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Hoffmann, R. A wiki for the life sciences where authorship matters. Nature Genetics (2008)
 
 
 
 Barr,  
 

A novel Rab6-interacting domain defines a family of Golgi-targeted coiled-coil proteins.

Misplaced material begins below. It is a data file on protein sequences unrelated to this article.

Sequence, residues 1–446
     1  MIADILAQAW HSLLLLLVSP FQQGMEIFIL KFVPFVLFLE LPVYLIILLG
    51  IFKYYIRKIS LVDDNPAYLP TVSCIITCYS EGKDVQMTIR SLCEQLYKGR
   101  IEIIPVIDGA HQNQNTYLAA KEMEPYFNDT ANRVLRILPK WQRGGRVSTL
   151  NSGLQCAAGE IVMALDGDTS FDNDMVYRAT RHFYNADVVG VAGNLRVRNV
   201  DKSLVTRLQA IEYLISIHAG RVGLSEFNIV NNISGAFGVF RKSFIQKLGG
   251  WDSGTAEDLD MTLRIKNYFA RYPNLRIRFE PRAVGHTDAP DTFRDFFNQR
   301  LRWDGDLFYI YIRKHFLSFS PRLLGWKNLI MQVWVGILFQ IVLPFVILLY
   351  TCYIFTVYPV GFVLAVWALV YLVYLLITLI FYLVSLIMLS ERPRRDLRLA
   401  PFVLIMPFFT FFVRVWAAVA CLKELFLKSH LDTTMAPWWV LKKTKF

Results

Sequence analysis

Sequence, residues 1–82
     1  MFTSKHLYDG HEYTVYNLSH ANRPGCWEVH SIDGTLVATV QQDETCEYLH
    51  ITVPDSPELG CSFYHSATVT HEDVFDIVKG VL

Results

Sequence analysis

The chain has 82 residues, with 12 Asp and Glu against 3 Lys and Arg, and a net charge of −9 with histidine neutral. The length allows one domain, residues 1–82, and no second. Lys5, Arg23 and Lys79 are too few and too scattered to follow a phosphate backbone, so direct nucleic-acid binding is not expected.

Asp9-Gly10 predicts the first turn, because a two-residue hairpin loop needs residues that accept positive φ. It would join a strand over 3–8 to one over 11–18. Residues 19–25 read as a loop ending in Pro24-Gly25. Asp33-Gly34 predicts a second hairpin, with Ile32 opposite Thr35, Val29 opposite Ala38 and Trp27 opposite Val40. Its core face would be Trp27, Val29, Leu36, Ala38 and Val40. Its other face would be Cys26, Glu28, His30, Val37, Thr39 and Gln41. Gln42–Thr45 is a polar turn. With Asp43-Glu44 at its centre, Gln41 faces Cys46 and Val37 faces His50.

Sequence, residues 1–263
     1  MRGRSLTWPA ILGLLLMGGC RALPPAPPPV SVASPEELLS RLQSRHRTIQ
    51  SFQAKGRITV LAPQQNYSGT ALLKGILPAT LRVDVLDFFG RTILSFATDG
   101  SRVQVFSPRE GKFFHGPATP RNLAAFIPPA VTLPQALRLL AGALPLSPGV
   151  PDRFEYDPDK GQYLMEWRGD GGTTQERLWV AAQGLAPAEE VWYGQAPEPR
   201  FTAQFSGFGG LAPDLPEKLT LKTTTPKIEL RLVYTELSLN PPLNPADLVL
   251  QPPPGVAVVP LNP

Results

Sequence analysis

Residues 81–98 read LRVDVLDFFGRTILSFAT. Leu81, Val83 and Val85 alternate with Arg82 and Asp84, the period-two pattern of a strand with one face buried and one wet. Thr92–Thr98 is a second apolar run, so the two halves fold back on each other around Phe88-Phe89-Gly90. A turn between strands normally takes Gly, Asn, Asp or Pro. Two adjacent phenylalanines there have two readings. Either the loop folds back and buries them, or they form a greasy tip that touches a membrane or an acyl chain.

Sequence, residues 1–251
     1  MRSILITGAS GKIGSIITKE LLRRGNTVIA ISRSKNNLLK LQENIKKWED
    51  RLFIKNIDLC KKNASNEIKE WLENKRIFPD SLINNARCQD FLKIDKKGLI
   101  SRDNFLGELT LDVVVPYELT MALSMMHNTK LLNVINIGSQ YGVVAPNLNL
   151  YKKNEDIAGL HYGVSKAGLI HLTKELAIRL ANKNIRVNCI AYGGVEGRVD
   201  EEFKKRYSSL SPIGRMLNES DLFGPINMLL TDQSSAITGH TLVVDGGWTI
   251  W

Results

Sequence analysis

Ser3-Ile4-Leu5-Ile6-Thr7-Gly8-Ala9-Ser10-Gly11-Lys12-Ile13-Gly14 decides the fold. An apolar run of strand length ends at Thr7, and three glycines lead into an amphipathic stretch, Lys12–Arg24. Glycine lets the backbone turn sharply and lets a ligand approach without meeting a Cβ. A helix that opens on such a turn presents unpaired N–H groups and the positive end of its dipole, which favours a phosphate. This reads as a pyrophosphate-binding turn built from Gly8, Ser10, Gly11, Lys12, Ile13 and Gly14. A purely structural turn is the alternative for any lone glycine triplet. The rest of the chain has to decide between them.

In recent years, a large number of coiled-coil proteins localised to the Golgi apparatus have been identified using antisera from human patients with a variety of autoimmune conditions [1]. Because of their common method of discovery and extensive regions of coiled-coil, they have been classified as a family of proteins, the golgins [1]. This family includes golgin-230/245/256, golgin-97, GM130/golgin-95, golgin-160/MEA-2/GCP170, giantin/macrogolgin and a related group of proteins - possibly splice variants - GCP372 and GCP364[2][3][4][5][6][7][8][9][10][11]. GM130 and giantin have been shown to function in the p115-mediated docking of vesicles with Golgi cisternae [12]. In this process, p115, another coiled-coil protein, is though to bind to giantin on vesicles and to GM130 on cisternae, thus acting as a tether holding the two together [12] [13]. Apart from giantin and GM130, none of the golgins has yet been assigned a function in the Golgi apparatus. In order to obtain clues as to the functions of the golgins, the targeting to the Golgi apparatus of two members of this family, golgin-230/245/256 and golgin-97, was investigated. Each of these proteins was shown to target to the Golgi apparatus through a carboxy-terminal domain containing a conserved tyrosine residue, which was critical for targeting. The domain preferentially bound to Rab6 on protein blots, and mutations that abolished Golgi targeting resulted in a loss of this interaction. Sequence analysis revealed that a family of coiled-coil proteins from mammals, worms and yeast contain this domain at their carboxyl termini. One of these proteins, yeast Imh1p, has previously been shown to have a tight genetic interaction with Rab6 [14]. On the basis of these data, it is proposed that this family of coiled-coil proteins functions in Rab6-regulated membrane-tethering events.[1]

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